UNDERCARD, a debut novel by David Albertyn, follows the lives of four old friends who reunite in Las Vegas and, over 24 hours, have their lives completely upended. Slightly noirish and set against the backdrop of the War on Terror, Black Lives Matter, Las Vegas corruption, and professional boxing, it’s a powerfully written, in-your-face read. It’s missing a strong moral that makes noirish fiction work–at least I missed it–but overall I liked it as a simple story that packs a punch.
The novel focuses on four people who grew up in Sin City. There’s Antoine, a professional boxer three years out of prison with a personal vendetta; Tyron, a Marine returning home after a decade of war overseas; Keenan, a cop who shot an unarmed teenager and is the subject of BLM protests; and Naomi, a professional basketball player retired to turn coach, loved by each of them. Tonight, Antoine will fight a renowned boxer, a prizefight he must win to earn his name and possibly his vengeance, which will set them each on a path to right old wrongs and hopefully survive.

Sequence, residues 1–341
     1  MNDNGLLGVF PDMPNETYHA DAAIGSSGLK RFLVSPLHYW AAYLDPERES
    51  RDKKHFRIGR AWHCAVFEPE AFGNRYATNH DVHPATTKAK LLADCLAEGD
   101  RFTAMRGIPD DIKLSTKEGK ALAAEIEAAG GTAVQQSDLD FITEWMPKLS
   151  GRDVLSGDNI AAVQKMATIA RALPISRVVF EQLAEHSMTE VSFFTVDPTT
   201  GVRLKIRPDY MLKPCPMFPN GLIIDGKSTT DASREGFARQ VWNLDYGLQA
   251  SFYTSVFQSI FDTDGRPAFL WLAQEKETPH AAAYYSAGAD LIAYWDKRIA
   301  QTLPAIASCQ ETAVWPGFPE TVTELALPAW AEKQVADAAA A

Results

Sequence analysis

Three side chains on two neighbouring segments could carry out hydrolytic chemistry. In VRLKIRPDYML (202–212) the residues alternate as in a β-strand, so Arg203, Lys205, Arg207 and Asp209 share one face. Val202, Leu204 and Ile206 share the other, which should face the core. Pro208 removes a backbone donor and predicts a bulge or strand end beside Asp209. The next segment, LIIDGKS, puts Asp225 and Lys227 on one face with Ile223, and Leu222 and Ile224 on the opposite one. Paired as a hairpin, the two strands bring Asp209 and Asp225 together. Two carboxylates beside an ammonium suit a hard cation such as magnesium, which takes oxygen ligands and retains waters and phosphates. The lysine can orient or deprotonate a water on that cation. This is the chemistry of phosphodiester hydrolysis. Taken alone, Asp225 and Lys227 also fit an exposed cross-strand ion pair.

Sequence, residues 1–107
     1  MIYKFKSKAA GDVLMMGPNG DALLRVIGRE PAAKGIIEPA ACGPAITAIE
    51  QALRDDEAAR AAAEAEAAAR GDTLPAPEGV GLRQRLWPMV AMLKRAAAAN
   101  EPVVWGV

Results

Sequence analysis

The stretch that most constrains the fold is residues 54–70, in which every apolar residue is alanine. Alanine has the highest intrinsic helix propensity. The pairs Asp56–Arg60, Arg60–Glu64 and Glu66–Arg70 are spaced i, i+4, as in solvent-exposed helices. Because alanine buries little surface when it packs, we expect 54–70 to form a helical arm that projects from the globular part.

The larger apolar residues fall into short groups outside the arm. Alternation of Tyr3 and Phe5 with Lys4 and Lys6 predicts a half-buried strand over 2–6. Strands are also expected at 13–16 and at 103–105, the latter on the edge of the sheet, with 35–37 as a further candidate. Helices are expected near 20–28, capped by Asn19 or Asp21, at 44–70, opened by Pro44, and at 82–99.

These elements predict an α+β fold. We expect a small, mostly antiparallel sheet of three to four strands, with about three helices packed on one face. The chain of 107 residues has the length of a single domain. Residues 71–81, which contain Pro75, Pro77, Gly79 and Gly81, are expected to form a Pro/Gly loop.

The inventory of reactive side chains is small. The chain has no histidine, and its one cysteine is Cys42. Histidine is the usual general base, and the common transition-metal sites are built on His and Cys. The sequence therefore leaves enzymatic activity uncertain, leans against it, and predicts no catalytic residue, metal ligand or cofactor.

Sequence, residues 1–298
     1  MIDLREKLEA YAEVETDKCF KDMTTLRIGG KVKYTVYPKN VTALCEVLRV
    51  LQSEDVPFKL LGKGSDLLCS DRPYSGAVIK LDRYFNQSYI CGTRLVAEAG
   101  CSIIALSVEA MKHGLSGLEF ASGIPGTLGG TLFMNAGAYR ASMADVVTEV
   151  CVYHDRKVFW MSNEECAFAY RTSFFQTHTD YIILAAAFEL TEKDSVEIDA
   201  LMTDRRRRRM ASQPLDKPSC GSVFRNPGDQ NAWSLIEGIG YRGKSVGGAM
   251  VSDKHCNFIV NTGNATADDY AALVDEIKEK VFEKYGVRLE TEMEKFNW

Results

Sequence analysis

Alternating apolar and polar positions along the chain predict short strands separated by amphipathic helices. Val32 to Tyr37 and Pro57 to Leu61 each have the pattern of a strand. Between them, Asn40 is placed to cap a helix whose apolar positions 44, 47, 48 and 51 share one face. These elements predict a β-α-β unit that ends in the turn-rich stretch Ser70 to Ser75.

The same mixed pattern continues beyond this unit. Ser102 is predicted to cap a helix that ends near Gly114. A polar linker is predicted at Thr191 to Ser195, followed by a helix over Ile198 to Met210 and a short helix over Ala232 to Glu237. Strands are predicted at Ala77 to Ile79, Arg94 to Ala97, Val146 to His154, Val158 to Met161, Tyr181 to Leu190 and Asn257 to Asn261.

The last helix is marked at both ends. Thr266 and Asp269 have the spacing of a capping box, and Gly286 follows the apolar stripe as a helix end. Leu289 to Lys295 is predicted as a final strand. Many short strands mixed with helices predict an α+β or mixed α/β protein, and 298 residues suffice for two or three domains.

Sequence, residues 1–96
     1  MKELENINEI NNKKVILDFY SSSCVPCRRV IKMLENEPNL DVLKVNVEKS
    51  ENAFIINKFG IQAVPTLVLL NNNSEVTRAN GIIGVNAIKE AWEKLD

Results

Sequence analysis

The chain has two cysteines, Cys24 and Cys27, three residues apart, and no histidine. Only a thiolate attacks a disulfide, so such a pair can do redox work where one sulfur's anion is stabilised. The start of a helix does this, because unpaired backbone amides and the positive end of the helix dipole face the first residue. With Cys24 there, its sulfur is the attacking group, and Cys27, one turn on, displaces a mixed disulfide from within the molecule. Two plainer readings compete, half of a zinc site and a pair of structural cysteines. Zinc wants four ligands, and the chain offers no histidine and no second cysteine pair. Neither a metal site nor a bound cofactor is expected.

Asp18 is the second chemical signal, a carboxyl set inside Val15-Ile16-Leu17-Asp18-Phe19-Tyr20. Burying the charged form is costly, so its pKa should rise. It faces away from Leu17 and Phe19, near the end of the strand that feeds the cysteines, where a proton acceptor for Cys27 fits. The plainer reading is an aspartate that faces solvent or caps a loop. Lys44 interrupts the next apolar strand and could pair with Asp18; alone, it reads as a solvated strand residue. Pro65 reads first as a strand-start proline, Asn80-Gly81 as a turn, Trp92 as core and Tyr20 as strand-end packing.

The writing has a nice energy to it, a hard noirish tone, and heavily developed characters, each of whom is flawed but likeable and somewhat larger than life due to their rich (if a little improbable in combination) backgrounds. The violence and passion of the prizefight serves as the novel’s centerpiece that ties the old friends back together, and it’s delivered with a terrific power. The ending brings it all home nicely, though after the fight the novel loses some energy and never regains it, not even in the climax, and I was left wondering what the point was in bringing all the backdrop issues–BLM, War on Terror, etc.–into the story other than purely to flavor and titillate.
Overall, I liked UNDERCARD a lot. It’s a fun read that delivers a solid punch for its strong characters and style.